Acoustic Fields Presents:
Research & Development Project
I have been involved with audio in some form for over 45 years. It has always been two channels. When I started, that was all there was. Two channels, a left and right channel that when set up properly in a room with appropriate volumes can produce a soundstage where I have experienced music and the emotions that go with it. For me, there is nothing like it. Two channels have always been part of my life and always will be. My first system was a Dual 1229 turntable, a Marantz amplifier, and JBL speakers. I remember it well. I even remember my first album which was James Gang Rides Again.
A unique setup
Multiple channel systems came and went. I remember the first multiple channel quadraphonic systems which were 4 speakers that were designed and I remember the marketing slogan to wrap you in sound. That approach did not last long and fell by the wayside along with my interest in multiple channels. Years passed and there were other multiple channel attempts but none could sustain. Finally, we were shown discrete channels where the engineers had separate channels to place certain sounds within and those channels would be positioned at certain locations within the room. We had front channels, center channels for dialogue and rear channels for surround sounds. However, when I looked at the systems, it appeared to me that it was only a marketing ploy to sell more boxes (speakers). All you had to do was examine the center channel speaker setup inside an equipment rack or above or below the screen. After many years of speaking with clients that were involved with multiple channel riggs, I was still not convinced it was for me.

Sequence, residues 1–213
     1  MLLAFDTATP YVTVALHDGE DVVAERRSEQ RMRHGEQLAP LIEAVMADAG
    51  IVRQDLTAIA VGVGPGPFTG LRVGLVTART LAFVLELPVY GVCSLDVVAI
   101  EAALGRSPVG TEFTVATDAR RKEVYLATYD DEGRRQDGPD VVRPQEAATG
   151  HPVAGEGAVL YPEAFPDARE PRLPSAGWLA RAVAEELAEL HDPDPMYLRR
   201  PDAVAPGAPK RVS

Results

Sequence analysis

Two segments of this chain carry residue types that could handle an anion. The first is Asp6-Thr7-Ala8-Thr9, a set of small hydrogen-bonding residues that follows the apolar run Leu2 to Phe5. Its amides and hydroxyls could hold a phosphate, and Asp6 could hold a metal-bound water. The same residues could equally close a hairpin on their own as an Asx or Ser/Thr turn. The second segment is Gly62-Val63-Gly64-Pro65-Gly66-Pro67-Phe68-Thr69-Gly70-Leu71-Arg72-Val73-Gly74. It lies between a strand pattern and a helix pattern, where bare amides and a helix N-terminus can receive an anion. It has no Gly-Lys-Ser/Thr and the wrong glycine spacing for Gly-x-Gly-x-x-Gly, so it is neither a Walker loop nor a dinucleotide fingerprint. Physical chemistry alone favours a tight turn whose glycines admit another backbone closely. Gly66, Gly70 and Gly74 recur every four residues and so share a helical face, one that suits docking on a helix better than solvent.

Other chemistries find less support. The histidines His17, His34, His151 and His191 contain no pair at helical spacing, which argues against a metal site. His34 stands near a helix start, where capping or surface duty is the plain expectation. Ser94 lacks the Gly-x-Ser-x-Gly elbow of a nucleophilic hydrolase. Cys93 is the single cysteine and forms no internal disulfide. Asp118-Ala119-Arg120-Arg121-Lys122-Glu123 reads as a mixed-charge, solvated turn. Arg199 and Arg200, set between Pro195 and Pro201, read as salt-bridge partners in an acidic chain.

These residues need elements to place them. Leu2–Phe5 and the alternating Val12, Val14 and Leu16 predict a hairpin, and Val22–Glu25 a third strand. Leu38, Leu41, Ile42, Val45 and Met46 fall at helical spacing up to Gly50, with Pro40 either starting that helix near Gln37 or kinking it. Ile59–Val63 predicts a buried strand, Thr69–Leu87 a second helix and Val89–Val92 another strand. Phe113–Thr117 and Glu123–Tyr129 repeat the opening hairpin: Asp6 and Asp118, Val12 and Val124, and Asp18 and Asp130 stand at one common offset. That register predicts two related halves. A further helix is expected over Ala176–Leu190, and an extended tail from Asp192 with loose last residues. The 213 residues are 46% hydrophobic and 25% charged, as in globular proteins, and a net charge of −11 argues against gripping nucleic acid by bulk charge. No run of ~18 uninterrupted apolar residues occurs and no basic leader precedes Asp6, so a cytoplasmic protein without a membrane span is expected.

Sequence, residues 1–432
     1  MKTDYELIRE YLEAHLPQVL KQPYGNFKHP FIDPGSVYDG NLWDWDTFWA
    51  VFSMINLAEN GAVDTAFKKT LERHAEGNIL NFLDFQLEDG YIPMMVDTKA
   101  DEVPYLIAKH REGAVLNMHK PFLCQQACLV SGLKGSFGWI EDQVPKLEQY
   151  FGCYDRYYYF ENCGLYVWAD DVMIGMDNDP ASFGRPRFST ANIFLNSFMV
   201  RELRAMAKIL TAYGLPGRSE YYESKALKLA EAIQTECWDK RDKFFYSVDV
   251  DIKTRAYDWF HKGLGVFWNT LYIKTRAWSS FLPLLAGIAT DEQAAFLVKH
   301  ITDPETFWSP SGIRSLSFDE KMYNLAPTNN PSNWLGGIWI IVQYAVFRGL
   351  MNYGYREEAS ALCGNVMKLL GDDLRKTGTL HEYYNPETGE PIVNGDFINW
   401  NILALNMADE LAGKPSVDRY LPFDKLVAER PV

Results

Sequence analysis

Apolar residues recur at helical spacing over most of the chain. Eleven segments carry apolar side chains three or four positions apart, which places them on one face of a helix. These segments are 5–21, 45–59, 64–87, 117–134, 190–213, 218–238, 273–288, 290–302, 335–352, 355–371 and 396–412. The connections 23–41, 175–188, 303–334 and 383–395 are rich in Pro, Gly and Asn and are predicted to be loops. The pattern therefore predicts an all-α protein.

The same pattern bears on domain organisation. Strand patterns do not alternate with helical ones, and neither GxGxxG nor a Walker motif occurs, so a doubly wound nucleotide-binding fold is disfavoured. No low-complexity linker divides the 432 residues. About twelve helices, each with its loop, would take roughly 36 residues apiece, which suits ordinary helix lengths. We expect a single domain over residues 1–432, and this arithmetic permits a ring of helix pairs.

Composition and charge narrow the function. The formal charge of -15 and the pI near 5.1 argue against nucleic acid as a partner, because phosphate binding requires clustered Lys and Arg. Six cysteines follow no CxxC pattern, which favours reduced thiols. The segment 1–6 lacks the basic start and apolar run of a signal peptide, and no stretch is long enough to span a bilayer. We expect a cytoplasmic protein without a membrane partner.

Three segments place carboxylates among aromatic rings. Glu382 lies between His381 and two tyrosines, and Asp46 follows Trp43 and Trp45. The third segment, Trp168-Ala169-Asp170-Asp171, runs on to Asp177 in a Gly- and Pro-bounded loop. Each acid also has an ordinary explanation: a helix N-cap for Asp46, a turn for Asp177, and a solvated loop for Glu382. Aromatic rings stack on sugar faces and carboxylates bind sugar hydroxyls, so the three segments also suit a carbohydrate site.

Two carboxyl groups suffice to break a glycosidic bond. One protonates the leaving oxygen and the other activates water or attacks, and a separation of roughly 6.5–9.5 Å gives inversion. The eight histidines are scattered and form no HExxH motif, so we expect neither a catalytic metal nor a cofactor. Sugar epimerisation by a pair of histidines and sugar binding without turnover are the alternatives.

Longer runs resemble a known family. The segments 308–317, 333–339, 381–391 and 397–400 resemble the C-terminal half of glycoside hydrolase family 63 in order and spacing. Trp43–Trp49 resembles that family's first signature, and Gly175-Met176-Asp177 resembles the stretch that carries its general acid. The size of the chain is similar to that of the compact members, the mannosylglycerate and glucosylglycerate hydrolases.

That all changed when I treated a room for a client and listened to his responses regarding the sound quality. You can watch the video here. Craig’s comments on the presentation’s overall sound quality, the movement of energy and sounds throughout the room, and the impact the overall impression that was produced spiked my interest. Was it possible to create the same emotional connection I have had for years with two channels using multiple channels? How could placing more energy into a room produce the higher resolution required in order to connect with our musical sources? Is it possible to manage the energy from multiple channels in order to create a realistic experience? I decided to find out for myself and we set up a new research and development room. Our initial set up in our new facility includes many unique set ups based upon what we desire to achieve with our sonic strategy. First, let’s go back to that center channel. I knew that was one of the weak links in a multiple channel system.